Wed, 12 Apr 2000 23:50:19 +0200
the battery backup UPS system is needed anyway if you want to achieve 99.0%
availability (the only alternative is to have diesel generators running
First, it is impossible to achieve 99.99% uptime only with UPS and
generators. The system hardware must also be designed to minimize Single
Points Of Failure.
Second, all the equipment must be protected with an UPS. Equipment may be
cd-jukeboxes, tape libraries, and every other hardware resource your
uses. If you are running on a network you want to protect also hubs,
switches, routers, network jukeboxes, etc.).
The system software (OS) must be designed to take the maximum advantage of
UPS power. This means that the OS must boot and shutdown as fast as
possible (EROS is a champion).
IMHO the total boot time is the total time necessary to boot the OS, run
all useful programs and reopen network links (so we can say that our
particular application is running up-to-speed).
*********** REPLY SEPARATOR ***********
On 11/04/2000 at 21.36 Bill Frantz wrote:
>Over the years I have observed the attempts to keep several mainframe
>computer centers running in spite of power problems. In general, most of
>these centers have installed battery operated UPS systems. In my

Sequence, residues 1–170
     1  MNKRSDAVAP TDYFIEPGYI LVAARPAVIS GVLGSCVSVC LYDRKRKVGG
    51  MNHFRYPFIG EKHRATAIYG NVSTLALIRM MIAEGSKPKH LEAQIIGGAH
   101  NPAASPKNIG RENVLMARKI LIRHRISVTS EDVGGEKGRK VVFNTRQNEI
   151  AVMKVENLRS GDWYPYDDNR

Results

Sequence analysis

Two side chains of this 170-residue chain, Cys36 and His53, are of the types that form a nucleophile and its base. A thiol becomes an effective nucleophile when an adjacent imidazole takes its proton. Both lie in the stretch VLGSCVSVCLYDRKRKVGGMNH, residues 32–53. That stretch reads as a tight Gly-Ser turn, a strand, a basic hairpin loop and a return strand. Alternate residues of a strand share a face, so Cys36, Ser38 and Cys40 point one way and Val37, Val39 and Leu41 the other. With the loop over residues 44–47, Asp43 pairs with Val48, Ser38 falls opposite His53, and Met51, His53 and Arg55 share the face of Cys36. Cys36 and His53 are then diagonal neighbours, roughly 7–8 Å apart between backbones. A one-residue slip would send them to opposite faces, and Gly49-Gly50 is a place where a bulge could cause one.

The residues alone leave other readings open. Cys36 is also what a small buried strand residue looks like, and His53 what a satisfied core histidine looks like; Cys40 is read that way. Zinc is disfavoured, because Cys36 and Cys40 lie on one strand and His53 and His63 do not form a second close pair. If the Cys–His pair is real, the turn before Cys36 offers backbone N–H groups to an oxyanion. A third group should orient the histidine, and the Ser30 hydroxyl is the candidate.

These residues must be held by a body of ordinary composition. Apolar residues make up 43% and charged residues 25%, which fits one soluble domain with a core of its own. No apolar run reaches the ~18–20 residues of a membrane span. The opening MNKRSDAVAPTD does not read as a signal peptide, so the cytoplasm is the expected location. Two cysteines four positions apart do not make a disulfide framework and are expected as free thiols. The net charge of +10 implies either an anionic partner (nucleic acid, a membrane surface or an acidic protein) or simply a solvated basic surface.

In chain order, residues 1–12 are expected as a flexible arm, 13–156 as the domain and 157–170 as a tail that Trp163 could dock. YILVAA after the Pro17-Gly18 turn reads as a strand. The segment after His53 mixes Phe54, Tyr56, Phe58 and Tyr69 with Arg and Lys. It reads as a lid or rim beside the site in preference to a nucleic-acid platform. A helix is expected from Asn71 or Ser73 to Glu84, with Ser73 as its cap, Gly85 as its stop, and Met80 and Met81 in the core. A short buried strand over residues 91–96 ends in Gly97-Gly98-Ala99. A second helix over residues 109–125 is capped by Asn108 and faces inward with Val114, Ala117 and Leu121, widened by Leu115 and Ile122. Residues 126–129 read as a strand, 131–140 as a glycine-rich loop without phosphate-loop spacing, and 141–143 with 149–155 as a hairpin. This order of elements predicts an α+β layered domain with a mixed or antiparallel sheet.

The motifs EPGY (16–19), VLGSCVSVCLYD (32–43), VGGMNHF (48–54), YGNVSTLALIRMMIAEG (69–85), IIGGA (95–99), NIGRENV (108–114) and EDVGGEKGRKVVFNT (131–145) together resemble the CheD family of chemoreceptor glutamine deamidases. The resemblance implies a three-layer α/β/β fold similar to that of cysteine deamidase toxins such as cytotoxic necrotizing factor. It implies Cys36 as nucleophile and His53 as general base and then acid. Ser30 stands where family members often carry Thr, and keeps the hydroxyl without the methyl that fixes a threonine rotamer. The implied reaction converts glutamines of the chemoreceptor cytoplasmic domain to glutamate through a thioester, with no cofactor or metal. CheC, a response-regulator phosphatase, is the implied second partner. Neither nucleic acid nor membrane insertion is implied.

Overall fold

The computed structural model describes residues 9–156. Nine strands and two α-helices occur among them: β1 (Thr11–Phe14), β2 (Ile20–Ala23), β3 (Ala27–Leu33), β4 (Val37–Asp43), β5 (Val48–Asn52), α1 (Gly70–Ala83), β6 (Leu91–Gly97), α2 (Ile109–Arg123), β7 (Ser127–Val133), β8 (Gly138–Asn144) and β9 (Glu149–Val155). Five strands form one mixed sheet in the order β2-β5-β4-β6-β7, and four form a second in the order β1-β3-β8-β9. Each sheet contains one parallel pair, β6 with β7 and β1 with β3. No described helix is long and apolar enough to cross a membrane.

>experience, the first year after the UPS was installed, it failed about as
>often as the power utility power. After a year the UPS reliability was
>significantly better than the power company, but still not 100%.
>The best story I know occurred at a large computer center in the
>mid-western part of the United States. They had 4 way redundant power:
>2 power company feeds from separate substations.
>Battery operated UPS
>3 Diesel generators (all needed to carry the load).
>One day, one of the power company feeds was offline for maintenance. A
>thunder storm knocked out the other power company feed. The UPS
>took over and the generators fired up. A bad diode in one of the
>generators caused it to fail to start. The power controller, seeing that
>it didn't have enough generator capacity to carry the load, shut down the
>other 2 generators, and shut down the UPS as well. Things were very dark
>One month later, the same thing happened again. Management wasn't happy.
>The point of these stories is that 100% just is not possible. You can
>extend the 99.99.... for as many nines as you can afford, but you can't
>reach 100%. Practically, you are sometimes lucky if you can reach 99.0%.
>Bill Frantz | Microsoft Outlook, the | Periwinkle -- Consulting
>(408)356-8506 | hacker's path to your | 16345 Englewood Ave.
>firstname.lastname@example.org | hard disk. | Los Gatos, CA 95032, USA